How Your Genes Affect Your Cancer Risk

July 12, 2016 Sandra Brown, MS, LCGC

how-genes-affect-cancer-riskResearch shows there are more than 100 different types of cancer, making it the second leading cause of death in the United States. Although not all cancers are hereditary, genetic testing has become an increasingly popular topic of interest among patients and cancer experts.

According to the National Cancer Institute, cancer is a genetic disease caused by mutations or changes to genes that occur over a person’s lifetime. These changes affect the way cells behave, grow and divide, and can result in the development of a tumor. About 5 to 10 percent of all cancers are due to an inherited mutation that significantly increases the likelihood of developing cancer.

Sandra Brown, MS, LCGC, genetic counselor and manager of the Cancer Genetics Program at The Center for Cancer Prevention and Treatment at St. Joseph Hospital, Orange, explained that some people have an increased risk of developing specific types of cancer due to inherited mutations in specific genes that are associated with different hereditary cancer syndromes.

“For instance, inherited mutations within the Lynch Syndrome genes primarily cause increased risks of developing colon, uterine and ovarian cancers,” said Brown.

In fact, inherited genetic mutations account for more than 50 types of hereditary cancer syndromes. While this number may seem alarming, it is important to understand most people do not carry inherited genetic mutations and hereditary cancer syndromes
are relatively rare.

“If you have a strong family history of cancer and a genetic test confirms that you have inherited a mutation, it does not mean that you will develop cancer. However, it does mean you have inherited an increased risk of developing cancer in your lifetime. Whether your test results are positive or negative, we can assess your cancer risks and inform you of recommended options to help prevent cancer,” said Forum Shah, MS, LCGC, genetic counselor at The Center for Cancer Prevention and Treatment.


A number of factors are considered before genetic counseling is recommended:

  • Cancer occurring younger than expected (typically before age 50)
  • More than one type of cancer in the same person
  • Two or more family members with the same type or related types of cancer
  • A rare or unusual type of cancer

Patients are encouraged to speak with their primary care physician to determine if genetic counseling is appropriate based on their personal and/or family history of cancer.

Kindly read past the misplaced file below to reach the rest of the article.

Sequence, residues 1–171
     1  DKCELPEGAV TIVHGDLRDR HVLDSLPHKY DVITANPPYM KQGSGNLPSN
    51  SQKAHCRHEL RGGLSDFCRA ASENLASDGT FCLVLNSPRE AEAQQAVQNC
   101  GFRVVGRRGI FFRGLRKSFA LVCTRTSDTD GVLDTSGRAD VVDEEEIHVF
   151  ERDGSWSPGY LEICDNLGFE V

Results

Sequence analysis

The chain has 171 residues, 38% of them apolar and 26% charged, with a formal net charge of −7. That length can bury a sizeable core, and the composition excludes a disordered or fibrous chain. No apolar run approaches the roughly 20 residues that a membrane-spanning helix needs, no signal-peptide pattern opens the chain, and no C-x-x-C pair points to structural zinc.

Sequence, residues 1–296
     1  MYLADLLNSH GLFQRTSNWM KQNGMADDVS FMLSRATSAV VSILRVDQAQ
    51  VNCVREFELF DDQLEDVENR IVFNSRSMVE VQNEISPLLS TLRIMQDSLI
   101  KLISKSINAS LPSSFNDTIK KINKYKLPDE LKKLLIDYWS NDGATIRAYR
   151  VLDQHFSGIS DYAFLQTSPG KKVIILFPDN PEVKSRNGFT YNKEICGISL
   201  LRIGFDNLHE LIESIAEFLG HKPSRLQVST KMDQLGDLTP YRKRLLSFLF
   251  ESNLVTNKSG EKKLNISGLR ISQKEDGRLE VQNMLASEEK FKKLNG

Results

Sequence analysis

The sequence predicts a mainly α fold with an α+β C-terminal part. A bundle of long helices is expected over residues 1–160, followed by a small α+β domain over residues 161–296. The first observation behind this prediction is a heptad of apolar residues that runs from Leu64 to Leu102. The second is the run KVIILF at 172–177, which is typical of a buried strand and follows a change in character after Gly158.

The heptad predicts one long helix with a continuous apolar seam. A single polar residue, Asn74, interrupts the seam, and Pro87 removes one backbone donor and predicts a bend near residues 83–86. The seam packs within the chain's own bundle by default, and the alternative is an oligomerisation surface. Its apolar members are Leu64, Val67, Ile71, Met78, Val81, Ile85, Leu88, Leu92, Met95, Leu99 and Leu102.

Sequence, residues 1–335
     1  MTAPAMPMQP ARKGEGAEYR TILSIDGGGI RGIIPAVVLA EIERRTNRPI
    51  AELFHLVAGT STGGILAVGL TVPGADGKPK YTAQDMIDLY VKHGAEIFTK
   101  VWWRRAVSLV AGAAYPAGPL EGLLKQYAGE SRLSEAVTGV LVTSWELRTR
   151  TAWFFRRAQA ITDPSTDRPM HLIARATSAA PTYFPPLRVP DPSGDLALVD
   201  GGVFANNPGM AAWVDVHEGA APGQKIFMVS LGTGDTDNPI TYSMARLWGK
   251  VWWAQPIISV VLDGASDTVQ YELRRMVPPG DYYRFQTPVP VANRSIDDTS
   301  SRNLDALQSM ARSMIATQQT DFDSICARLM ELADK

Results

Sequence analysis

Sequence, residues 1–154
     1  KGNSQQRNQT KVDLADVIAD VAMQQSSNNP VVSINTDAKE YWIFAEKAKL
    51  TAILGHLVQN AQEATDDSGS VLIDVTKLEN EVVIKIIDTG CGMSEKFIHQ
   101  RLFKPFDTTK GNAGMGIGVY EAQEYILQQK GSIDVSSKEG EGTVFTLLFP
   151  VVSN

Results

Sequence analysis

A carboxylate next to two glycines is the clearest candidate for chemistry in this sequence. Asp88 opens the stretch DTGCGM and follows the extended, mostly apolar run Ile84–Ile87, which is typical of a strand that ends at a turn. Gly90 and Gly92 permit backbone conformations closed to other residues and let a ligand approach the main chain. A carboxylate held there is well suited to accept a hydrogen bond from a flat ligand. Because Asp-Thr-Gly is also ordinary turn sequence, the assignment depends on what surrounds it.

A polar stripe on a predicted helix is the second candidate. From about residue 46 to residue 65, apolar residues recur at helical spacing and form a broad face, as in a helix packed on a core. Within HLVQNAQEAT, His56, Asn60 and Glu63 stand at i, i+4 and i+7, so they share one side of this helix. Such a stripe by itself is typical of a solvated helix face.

“Genetic counseling provides patients with the information and support to help them manage their cancer risks. While a positive genetic test result can be daunting for many patients, that information along with genetic counseling can help patients feel reassured and empowered to make informed decisions about their medical care,” said Lisa Mohler, MS, LCGC, genetic counselor at The Center for Cancer Prevention and Treatment.


Genetic test results also have implications for family members. For example, if a patient has been diagnosed with breast cancer and tests positive for a mutation within the BRCA1 gene, then the patient’s children have a 50 percent chance of carrying the same mutation. The patient’s close family members may also carry the same gene mutation.

“The goal of genetic counseling is to help patients interpret their family history, discuss the option of genetic testing, clarify the risk of developing cancer and determine the best management recommendations to help prevent cancer. Genetic counselors also help patients recognize how their results could impact their family members and how they can effectively share this information with their relatives,” Brown said.

For more information, visit or call (714) 734-6229. 

This information is not intended as a substitute for professional medical care. Always follow your health care professional's instructions.


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